The Caisse de depot et placement du Québec did not fail to invest around 200 million in the American cryptocurrency bank Celsius.
Posted at 9:00 am
She is planted royally.
Last October, Caisse became a shareholder in Celsius, a bank that offered cryptocurrency lending and interest rates of up to 17% on cryptocurrency deposits. However, Bitcoin lost 65% of its value and Celsius ran out of money to cover investor withdrawals. In July, the company protected itself from its creditors. She owes them $1.9 billion but only has $167 million.
In short, we will not see our money again.
The Caisse has misjudged its risk in this area with little or no regulation, a speculative bubble where the goal is to bypass the traditional monetary system. She didn’t reflect on the ethical aspect. In addition, one bet on the wrong horse, which was already in the crosshairs of the authorities of the financial markets of some American states.
As spectacular as it is, this error must be put into perspective, put into context.
The Caisse made this investment from its $1.5 billion venture capital portfolio. Venture capitalists are like batsmen in baseball: they always hit the home run and inevitably get hit more often. What counts is the batting average.
The Caisse’s venture capital portfolio has generated a return of between 35% and 40% per year over the past five years. The Caisse’s total return on all its assets over the period: 8.9% per annum. Venture capital is therefore very profitable for the Caisse.
In addition, the Caisse puts only 0.36% of its assets into venture capital (1.5 billion out of 419.8 billion). It allows us to support our startups without jeopardizing the retirement of Quebecers.
Quebecers will have some dealings with Celsius (lesson number one: stay away from crypto), but that shouldn’t stop them from continuing to invest in venture capital.
The Caisse invests in venture capital in about twenty techno companies (none in crypto, except for Celsius), just over half of which are from Quebec. For a disaster like Celsius, there are several great Quebec techno hits like Lightspeed, Hopper and Nuvei. Don’t throw the baby out with the bath water.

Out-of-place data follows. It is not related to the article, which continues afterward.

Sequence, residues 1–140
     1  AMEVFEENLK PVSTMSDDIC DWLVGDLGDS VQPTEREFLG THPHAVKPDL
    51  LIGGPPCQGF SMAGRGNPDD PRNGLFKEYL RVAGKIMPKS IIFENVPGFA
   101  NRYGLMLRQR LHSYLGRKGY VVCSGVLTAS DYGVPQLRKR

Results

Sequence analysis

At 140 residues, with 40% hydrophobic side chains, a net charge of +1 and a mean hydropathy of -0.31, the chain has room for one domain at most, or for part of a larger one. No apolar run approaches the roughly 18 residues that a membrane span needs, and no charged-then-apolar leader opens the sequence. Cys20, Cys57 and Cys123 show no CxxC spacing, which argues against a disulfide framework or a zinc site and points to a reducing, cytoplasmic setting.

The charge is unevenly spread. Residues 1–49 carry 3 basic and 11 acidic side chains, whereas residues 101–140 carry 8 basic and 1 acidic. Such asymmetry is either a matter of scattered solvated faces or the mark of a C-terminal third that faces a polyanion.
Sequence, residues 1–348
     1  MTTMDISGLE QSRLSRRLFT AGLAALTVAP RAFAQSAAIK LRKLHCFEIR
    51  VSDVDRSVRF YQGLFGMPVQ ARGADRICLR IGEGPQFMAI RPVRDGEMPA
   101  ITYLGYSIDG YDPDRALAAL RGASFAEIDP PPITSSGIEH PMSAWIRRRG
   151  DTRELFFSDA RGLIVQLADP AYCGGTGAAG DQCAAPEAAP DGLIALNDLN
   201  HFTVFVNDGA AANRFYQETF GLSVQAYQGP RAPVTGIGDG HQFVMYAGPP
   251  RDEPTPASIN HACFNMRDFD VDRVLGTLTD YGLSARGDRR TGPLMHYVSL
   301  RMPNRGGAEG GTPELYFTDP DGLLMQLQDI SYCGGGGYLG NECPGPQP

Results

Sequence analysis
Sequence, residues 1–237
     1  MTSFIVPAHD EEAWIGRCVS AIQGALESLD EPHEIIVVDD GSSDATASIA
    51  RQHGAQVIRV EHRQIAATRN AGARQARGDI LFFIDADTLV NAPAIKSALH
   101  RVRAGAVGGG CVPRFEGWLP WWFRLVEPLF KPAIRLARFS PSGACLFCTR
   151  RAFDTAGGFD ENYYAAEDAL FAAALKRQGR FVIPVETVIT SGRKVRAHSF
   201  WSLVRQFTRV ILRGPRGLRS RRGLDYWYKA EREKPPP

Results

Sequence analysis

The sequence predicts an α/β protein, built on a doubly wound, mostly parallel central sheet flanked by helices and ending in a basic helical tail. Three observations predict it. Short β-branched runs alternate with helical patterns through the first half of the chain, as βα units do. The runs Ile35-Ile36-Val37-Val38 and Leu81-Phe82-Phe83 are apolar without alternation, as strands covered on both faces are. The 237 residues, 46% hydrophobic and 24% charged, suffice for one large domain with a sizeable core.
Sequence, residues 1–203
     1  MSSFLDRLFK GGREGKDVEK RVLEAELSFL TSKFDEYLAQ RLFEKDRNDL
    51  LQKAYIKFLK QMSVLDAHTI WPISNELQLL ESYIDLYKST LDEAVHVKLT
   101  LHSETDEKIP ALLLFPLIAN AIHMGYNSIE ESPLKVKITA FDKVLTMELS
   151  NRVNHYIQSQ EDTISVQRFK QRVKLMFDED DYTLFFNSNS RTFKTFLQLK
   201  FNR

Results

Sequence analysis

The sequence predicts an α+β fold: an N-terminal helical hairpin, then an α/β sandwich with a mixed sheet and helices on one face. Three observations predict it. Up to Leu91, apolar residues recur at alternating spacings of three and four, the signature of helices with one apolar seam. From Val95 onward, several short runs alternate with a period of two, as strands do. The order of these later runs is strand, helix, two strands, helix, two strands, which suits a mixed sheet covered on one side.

Additionally, another Quebec institution should reconsider its ties to the crypto industry: Hydro-Quebec.
If the trend continues, the state-owned company will soon sell 1% of its electricity to cryptocurrency miners at a loss.
The production of cryptocurrency is very energy-intensive. Blockchain information must be mined using complex mathematical operations. It is the opposite of a financial system based on reliable and regulated financial institutions.
The state-owned company has a preferential rate three times cheaper (6¢/kWh instead of the industry rate of 18¢/kWh) for 100 Quebec cryptocurrency miners. They consume 111 megawatts or 0.3% of the total grid capacity.
But here it is, the Régie de l’énergie just forced Hydro-Québec to offer cryptos another 270 megawatts at a bargain price of 6¢/kWh.
Bitcoin miners benefit from having access to cheap electricity.
For Quebec, we are subsidizing an industry that has no economic spinoffs, has very little societal benefit, attacks the monetary sovereignty of countries, is unregulated, is used by criminal organizations to launder their money, and is very harmful to the environment.
Hydro-Québec must return to the Régie de l’énergie to find a way to overturn the decision made last fall. Otherwise, it will sell up to 1% of its electricity to cryptocurrency miners at a loss (it sells 6¢/kWh and each additional capacity costs 10¢/kWh in 2025).
It is difficult to ban cryptocurrencies.
However, we are not obliged to provide electricity at a reduced price. Not even to finance it with our wool stocking.